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Professor, Department of Biology, L’Université d’Ottawa/University of Ottawa

I am the Principal investigator leading A long time ago my graduate students and I were looking for a lab name, so the contracted version of Toxicology, Evolution and Molecular Endocrinology became our moniker. We study the hormonal regulation of development and reproduction in fish and frogs. We try to understand the basic mechanisms of hormone effects, and how they may be disrupted by pesticides, industrial contaminants and human pharmaceutical that enter aquatic ecosystems. This concept is called Endocrine Disruption, and is linked to health problems in many species. Two recent discoveries emphasize what we do. Along with several colleagues we have established that environmental pollutants do more that upset hormones. They can also disrupt reproductive outcomes and coping behaviours- effects that can last generations even after a singe short exposure in early life. One of the most compelling discoveries is a potential new sex hormone called secretoneurin. It controls an animal's ability to breed normally. It is a neuropeptide that is found in all vertebrate animals and we are using genetically modified fish to figure out its importance. Hormone systems are conserved in evolution, so what we learn from one species, for example a fish or a frog, has applications in other species, including humans.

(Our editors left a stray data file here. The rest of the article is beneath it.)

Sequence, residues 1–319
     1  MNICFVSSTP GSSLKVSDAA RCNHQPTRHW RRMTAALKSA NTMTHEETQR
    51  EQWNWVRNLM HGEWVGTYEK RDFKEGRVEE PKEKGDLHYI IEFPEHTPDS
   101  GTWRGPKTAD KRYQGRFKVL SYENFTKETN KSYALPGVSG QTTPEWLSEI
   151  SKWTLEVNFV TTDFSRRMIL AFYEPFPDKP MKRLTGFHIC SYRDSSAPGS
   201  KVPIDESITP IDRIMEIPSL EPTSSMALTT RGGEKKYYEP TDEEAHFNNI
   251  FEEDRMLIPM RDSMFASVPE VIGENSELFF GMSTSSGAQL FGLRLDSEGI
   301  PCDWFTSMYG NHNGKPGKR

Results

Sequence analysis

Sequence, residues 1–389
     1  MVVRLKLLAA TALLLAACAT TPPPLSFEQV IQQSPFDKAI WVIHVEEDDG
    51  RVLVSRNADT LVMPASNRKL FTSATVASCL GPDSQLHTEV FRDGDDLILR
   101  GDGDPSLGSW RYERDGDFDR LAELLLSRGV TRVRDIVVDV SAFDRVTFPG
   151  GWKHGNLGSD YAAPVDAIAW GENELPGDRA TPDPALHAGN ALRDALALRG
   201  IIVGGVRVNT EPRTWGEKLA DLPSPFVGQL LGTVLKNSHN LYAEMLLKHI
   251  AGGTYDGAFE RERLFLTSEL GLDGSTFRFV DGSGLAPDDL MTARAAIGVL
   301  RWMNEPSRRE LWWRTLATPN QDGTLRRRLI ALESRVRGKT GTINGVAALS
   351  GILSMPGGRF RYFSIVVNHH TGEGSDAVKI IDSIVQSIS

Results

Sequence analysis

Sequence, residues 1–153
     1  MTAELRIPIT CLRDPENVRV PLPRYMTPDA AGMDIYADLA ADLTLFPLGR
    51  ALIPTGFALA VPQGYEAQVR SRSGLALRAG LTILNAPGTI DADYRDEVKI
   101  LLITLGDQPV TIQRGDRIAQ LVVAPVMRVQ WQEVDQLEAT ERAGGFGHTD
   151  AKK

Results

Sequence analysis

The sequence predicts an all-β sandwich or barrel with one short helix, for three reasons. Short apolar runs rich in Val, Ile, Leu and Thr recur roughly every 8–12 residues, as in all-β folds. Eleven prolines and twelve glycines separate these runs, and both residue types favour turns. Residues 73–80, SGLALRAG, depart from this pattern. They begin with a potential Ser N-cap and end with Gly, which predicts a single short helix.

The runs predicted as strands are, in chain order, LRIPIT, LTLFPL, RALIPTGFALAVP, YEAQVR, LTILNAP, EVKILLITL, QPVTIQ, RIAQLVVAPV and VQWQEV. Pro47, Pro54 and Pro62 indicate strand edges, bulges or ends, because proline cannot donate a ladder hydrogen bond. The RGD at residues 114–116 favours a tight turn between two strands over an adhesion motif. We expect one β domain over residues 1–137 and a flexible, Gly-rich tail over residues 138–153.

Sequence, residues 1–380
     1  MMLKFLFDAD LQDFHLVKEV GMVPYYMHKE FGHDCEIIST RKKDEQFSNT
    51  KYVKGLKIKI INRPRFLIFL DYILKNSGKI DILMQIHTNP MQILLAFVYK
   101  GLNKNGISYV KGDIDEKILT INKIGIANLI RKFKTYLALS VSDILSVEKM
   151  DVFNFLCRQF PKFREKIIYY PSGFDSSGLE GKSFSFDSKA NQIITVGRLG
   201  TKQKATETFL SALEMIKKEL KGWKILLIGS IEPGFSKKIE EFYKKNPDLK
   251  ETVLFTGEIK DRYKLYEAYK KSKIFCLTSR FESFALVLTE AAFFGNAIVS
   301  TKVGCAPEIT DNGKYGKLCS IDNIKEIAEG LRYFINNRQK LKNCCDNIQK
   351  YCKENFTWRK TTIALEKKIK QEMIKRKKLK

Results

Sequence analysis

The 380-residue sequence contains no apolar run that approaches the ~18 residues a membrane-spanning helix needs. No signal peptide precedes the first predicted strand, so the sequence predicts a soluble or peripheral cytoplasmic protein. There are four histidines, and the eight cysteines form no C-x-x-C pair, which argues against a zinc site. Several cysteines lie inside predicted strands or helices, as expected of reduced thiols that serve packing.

I am able to give interviews in both English and French. I acknowledge that I work and live on the unceded Algonquin territory of the Three Fire Confederacy, Anishinaabewaki. I respect the traditional guardians of these and other regions of the world I am privileged to visit.


  • –present
    Professor and University Research Chair in Neuroendocrinology, L’Université d’Ottawa/University of Ottawa


  • 1991 
    University of Alberta, PhD/Zoology


University Research Chair in Neuroendocrinology (2021-26), Canadian Ecotoxicology Workshop Outstanding Contribution Award (2017), President International Society for Fish Endocrinology